Yes, this was actually a thing. Coming from McCall’s Great American Recipe Card Collection of 1973, Ham and Bananas Hollandaise was a secret government project introduced to distract an innocent public with something worse than the oil embargo. To create this potassium horror, I sprinkled the helpless bananas with lemon juice, wrapped them in ham, smothered them in mustard, and baked the lot for 10 minutes, pausing only to douse them in viscous hollandaise.

The finished dish smelled liked a banana slaughterhouse, but for the good of culinary archaeology, I dug right in. The end result was OK going down, but two cans of Coke and a mouthful of Listerine did nothing for the lingering aftertaste. Important note: If your face assumes a thousand-yard stare after eating something, there is something wrong with that food.

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What’s the most damage you’ve ever done while drunk? Maybe ruined a party? Or woke up in a ditch three states away? Or got arrested? Or sent shock waves through the worldwide petroleum market that raised the price of fuel for millions if not billions of people?

If you did that last one, your name is probably Steve Perkins.

The 34-year-old Perkins was an oil trader who got to spend a weekend on a fully funded golfing retreat, paid for by his employer, PVM Oil Futures. So there he was, drinking and schmoozing to his heart’s content. But then the weekend ended.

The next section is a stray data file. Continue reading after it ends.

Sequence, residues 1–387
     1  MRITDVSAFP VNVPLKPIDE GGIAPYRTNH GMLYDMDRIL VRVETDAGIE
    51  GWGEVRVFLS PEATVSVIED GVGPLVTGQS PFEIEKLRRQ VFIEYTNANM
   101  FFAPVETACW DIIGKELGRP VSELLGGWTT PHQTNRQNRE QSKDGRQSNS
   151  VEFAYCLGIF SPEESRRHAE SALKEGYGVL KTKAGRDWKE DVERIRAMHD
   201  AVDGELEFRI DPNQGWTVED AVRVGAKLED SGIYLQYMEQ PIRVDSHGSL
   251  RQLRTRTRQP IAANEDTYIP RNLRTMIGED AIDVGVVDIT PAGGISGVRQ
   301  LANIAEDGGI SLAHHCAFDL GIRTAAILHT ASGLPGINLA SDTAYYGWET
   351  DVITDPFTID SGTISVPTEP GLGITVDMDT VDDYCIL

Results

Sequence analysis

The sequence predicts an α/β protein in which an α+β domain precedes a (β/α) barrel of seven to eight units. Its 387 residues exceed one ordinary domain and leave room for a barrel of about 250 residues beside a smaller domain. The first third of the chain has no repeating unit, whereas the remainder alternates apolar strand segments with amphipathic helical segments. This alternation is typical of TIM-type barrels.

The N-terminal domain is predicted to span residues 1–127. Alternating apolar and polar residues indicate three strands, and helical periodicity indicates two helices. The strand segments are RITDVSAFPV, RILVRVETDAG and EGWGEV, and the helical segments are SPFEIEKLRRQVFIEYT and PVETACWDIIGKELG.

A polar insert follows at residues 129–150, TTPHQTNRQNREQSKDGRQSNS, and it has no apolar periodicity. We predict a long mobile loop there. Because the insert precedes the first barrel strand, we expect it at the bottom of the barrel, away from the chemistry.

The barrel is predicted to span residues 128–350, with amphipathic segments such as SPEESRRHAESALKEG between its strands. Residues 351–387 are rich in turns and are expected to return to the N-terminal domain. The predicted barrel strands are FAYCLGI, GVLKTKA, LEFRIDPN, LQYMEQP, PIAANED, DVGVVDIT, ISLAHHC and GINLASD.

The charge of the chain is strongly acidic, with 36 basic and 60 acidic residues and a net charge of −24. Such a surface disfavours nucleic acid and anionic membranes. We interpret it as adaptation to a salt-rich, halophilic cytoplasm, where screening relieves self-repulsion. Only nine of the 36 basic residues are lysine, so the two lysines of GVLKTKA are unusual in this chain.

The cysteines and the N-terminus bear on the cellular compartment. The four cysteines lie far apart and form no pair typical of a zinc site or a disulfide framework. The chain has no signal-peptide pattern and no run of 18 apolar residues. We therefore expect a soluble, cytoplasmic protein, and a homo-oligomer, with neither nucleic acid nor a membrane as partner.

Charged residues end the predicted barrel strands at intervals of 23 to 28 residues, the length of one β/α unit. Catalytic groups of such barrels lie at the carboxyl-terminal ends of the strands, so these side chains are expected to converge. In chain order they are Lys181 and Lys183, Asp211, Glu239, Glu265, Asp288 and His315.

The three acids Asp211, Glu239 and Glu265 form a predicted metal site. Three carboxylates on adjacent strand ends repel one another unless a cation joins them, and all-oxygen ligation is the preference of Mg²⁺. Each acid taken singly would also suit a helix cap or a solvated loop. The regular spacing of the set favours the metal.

Perkins, however, chose to extend his bender with additional alcohol, starting his binge midday Monday and continuing into the wee hours of Tuesday morning. Oh, he didn’t call in sick to work – he went right back to trading, drunk off his ass.

Although oil brokers are only supposed to make trades on behalf of clients, Perkins wanted to try it out for himself. He bought 7.13 million barrels of Brent oil, with a value of $520 million, over a 19-hour period between Monday afternoon and Tuesday morning in a drunken blackout. If those sound like big numbers, try this: Perkins’ drunken trading was responsible for up to 69 percent of the volume of Brent oil being traded globally. After reaching that percentile, he presumably belched for a few minutes and slowed down his trading, satisfied that his mission had been accomplished.

At the peak of his trading/drinking binge, oil prices fluctuated upward by more than $1.50 per barrel in less than 30 minutes, something that typically never happens barring some sort of global catastrophe.

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